Academic journal article Santa Clara High Technology Law Journal

After O2 Micro: The Court's Evolving Duty to Map Words to Things

Academic journal article Santa Clara High Technology Law Journal

After O2 Micro: The Court's Evolving Duty to Map Words to Things

Article excerpt

TABLE OF CONTENTS  INTRODUCTION  I. THE DIFFICULTY OF MAPPING WORDS TO THINGS  II. THE TOUCHSTONES OF THE COURT'S DUTY TO RESOLVE   DISPUTES OVER CLAIM SCOPE: MARKMAN AND O2 MICRO   A. Markman v. Westview Instruments   B. O2 Micro v. Beyond Innovation  III. WHEN IS A "PLAIN MEANING" CONSTRUCTION ADEQUATE?   A. Rejection of a Narrow Construction in Favor of "Plain     Meaning" May Resolve the Parties' Dispute,     Particularly When It Is Binary   B. In Eon Corp., Rejecting A Narrow Construction for     "Plain Meaning" Failed to Resolve a Non-Binary     Dispute  IV. WHEN IS IT TOO LATE TO ASK FOR FURTHER CONSTRUCTION?   A. Waiting Too Long to Raise a Dispute Can Result in     Waiver   B. Nuance Communications Confirms That Failure To     Crystallize A Dispute Early Can Lead To Harsh     Outcomes For The Proponent Of A Narrow     Construction   C. GPNE Corp. Holds That It May Not Be Too Late,     Even During Trial, To Seek Clarification  CONCLUSION 

INTRODUCTION

"[T]hat's for y'all to fight over and for the jury to resolve." So ruled an Eastern District of Texas Magistrate when a dispute arose over the meaning of "an" and "said" in a patent claim. (1) According to the Federal Circuit, the ruling was reversible error. (2) The Federal Circuit held in an unpublished disposition that the trial court had a duty to resolve the claim construction dispute rather than allowing the lawyers to each argue their own theory of the meaning of the claim to the jury. (3) The Federal Circuit's decision cited to the Federal Circuit's seminal case in O2 Micro, which held that "[w]hen the parties raise an actual dispute regarding the proper scope of [asserted] claims, the court, not the jury, must resolve that dispute." (4)

Yet despite this seemingly simple premise, there is wide variation in how district courts interpret and implement the duty to resolve claim construction disputes. A striking example of this variation can be seen in the way that two different district court judges in the District of Nevada handled two parallel patent infringement actions filed by the same patent owner, unwired Planet LLC.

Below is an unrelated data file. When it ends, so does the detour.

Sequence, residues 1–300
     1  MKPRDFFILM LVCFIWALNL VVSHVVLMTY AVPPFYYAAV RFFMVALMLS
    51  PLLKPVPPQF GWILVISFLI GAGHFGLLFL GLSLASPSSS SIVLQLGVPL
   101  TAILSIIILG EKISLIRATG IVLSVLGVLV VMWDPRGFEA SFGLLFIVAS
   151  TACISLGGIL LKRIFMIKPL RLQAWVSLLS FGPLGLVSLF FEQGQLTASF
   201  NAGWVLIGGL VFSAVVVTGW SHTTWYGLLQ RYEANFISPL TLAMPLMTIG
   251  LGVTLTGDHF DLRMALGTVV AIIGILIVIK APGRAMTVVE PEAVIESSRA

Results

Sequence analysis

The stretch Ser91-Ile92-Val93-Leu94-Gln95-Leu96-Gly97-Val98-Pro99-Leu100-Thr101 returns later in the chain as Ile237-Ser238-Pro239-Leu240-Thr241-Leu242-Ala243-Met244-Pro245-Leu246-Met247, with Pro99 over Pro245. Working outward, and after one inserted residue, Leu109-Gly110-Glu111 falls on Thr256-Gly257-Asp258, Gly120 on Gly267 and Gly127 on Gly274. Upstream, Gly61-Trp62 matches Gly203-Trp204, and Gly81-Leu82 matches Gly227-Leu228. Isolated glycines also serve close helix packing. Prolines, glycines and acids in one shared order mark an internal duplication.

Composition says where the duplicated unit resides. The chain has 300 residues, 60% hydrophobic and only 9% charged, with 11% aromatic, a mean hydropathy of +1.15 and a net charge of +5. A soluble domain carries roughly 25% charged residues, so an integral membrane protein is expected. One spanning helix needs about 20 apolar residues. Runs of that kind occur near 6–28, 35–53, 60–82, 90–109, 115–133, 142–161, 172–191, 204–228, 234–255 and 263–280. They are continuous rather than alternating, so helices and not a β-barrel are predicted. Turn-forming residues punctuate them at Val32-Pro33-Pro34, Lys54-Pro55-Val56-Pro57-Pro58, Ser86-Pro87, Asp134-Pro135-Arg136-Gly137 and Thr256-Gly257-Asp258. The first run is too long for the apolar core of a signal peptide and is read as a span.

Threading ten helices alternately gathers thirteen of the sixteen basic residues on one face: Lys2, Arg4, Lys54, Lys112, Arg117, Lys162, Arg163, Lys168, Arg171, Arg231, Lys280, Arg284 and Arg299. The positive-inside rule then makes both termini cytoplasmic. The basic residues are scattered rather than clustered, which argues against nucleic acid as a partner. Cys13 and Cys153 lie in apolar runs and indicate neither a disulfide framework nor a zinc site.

In the first case against Google Inc., the district court construed the claims of five patents. (5) Unwired Planet argued that many terms had a "plain meaning" and required no construction. (6) The district court disagreed, holding that O2 Micro required it to construe claims when the scope is in dispute. (7) The district court provided constructions for all twenty-two terms submitted by Google for construction. (8) Ultimately, Unwired Planet stipulated that it could not prove infringement of any of the five patents at issue under the district court's constructions--including the constructions of the terms for which it had advocated a "plain meaning" construction. (9)

Unwired Planet's lawsuit against Square before a different judge in the same district took a very different trajectory. Square sought construction for sixteen terms from three patents, roughly in proportion to Google's request to construe twenty-two terms across five patents. (10) The district judge in the Square case, however, cited O2 Micro for the proposition that "a district court is not obligated to construe terms with ordinary meanings, lest trial courts be inundated with requests to parse the meaning of every word in the asserted claims." (11) The district judge agreed with Unwired Planet that only two of sixteen terms submitted by Square needed construction, and that the remainder are "best given their ordinary meanings." (12) Unlike the Google case, this result was apparently not dispositive. The parties continued to litigate until the proceedings were ultimately stayed in favor of Covered Business Method review by the Patent Trial and Appeals Board. (13)

It is apparent, therefore, that while the key principle of O2 Micro may be clear, district courts vary widely in their views of how to put it into effect. Two key questions frequently arise in district court litigation regarding the duty to construe claim terms: (1) when (if ever) can a construction of "plain meaning" satisfy the trial court's duty under O2 Micro, and (2) when (if ever) is it simply too late to ask the trial court to step in? …

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